SXSW: 'Broad City' stars talk fame, friendship and the 'millennial lifestyle'

While their hit Comedy Central show “Broad City” has been called progressive for its portrayal of women and sex, Abbi Jacobson and Ilana Glazer -- the show’s stars and creators – say that wasn’t really their intention.

“Broad City” follows two New York transplants in their early 20s as they navigate jobs, dating and friendships. Jacobson and Glazer play fictionalized versions of themselves on the show.

Jacobson and Glazer were in Austin on Saturday for a panel discussion with Marie Claire editor-in-chief Anne Fulenwider.

Jacobson and Glazer say they don’t write the show with the intention of getting a message across; much of it is just based on their experiences, they say.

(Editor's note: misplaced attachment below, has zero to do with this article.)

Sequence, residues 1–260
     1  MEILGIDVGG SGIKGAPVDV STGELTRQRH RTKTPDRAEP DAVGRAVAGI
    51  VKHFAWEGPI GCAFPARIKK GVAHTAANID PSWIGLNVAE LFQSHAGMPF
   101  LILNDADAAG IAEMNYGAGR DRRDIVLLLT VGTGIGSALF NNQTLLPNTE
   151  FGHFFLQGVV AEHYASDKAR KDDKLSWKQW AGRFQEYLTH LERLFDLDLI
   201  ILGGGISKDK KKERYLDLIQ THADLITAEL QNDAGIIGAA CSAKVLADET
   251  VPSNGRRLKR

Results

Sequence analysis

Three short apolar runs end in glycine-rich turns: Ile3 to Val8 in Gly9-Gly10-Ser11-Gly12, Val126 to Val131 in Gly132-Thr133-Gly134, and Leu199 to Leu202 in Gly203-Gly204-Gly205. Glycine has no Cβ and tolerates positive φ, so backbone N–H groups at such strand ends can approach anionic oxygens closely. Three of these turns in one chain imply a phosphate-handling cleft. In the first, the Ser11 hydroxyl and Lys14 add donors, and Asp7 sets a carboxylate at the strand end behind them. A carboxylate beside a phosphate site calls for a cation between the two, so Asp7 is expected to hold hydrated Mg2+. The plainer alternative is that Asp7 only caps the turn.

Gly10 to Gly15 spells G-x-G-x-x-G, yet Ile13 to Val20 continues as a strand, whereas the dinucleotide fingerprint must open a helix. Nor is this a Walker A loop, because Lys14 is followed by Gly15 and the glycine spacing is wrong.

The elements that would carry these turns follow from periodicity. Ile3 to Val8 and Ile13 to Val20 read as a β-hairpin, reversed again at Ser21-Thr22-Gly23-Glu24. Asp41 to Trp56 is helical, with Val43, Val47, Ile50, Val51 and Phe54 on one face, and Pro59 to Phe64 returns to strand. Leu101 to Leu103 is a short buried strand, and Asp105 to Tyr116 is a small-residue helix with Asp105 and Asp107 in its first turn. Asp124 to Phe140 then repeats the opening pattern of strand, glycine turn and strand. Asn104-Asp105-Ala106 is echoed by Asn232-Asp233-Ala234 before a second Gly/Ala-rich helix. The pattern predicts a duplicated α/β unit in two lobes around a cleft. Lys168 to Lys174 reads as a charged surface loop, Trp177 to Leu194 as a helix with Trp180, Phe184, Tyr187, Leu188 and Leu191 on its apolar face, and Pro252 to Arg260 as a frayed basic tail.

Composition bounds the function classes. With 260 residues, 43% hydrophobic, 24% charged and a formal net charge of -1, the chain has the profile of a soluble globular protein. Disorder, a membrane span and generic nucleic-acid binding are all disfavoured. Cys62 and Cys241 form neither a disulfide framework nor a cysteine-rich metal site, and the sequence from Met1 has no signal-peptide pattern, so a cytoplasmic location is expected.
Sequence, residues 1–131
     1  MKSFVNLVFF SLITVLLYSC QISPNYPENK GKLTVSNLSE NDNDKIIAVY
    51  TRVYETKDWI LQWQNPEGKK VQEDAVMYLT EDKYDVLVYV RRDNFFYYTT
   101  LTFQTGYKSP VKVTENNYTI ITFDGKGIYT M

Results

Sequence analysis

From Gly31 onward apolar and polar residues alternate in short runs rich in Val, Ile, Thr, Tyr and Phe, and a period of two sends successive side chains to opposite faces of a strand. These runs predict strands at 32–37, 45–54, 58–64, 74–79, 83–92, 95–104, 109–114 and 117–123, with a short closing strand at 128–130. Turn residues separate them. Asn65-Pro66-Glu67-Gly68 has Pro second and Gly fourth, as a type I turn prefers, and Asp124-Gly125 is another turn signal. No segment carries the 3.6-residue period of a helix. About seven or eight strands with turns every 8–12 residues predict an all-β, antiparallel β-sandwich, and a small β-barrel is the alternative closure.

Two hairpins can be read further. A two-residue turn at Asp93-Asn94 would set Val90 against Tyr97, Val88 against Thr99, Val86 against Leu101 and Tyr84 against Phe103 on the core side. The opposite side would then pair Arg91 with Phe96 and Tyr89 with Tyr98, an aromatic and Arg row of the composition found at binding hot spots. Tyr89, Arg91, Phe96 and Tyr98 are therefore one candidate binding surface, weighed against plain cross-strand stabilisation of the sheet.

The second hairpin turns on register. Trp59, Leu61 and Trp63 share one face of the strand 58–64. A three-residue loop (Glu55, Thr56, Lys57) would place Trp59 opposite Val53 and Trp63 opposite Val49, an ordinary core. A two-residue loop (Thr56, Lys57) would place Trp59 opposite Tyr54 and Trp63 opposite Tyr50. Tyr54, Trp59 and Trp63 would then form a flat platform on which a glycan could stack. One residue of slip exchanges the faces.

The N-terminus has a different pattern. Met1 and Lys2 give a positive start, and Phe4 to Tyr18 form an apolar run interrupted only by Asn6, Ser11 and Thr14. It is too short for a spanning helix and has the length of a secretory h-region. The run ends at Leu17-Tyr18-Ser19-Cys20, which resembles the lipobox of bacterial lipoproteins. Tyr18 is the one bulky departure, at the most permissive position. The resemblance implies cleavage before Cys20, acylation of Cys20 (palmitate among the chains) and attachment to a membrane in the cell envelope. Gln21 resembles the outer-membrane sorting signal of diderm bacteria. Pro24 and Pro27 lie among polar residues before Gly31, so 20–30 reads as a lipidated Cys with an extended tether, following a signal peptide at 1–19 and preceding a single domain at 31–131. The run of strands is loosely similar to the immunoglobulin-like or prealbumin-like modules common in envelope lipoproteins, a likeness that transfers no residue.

"The characters are inspired by us, then we blow out the absurdity for comedy's sake," Glazer said.

In one episode in an earlier season, Ilana and Abbi each ask out dozens of men over Facebook while declaring themselves “feminist heroes,” only to be rejected by all of them.

“We wrote that scene because we did that,” Jacobson said.

Like their characters, Jacobson and Glazer are real-life best friends. They watch new episodes of “Broad City” together, and talk via Facetime if they’re unable to meet up.

The duo met at improv comedy classes and became friends after college, a transitional time of life Jacobson called “very special.”

“(At that age) you’re just trying to figure out what you’re doing,” she said.

Aspects of early adulthood are key parts of the show, which might be why it’s so popular with young people.

“I get it,” Glazer said of the show's popularity with people in their early 20s. “I feel that (the show) is representative of a very specific millennial lifestyle.”